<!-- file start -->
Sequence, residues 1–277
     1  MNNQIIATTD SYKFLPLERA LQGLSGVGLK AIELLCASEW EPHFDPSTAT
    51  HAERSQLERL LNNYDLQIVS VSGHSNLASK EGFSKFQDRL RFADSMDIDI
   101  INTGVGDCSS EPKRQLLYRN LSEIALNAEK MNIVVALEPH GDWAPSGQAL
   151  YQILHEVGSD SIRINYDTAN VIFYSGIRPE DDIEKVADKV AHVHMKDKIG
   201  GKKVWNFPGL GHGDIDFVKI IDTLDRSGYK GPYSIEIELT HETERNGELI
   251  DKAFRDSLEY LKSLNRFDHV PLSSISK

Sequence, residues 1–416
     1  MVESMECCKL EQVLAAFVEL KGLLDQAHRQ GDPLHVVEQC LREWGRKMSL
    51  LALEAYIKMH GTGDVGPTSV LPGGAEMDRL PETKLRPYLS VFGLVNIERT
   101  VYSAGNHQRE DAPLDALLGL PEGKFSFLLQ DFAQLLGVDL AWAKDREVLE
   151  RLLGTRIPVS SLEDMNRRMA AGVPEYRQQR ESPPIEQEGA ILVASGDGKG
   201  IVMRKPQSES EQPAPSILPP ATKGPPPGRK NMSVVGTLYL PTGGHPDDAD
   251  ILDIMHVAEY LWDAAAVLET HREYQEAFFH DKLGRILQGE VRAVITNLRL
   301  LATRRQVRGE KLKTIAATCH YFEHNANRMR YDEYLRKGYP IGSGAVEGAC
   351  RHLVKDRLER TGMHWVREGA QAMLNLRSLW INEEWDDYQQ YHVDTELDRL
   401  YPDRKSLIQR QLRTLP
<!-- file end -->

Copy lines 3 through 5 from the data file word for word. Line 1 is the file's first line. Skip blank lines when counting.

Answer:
    51  HAERSQLERL LNNYDLQIVS VSGHSNLASK EGFSKFQDRL RFADSMDIDI
   101  INTGVGDCSS EPKRQLLYRN LSEIALNAEK MNIVVALEPH GDWAPSGQAL
   151  YQILHEVGSD SIRINYDTAN VIFYSGIRPE DDIEKVADKV AHVHMKDKIG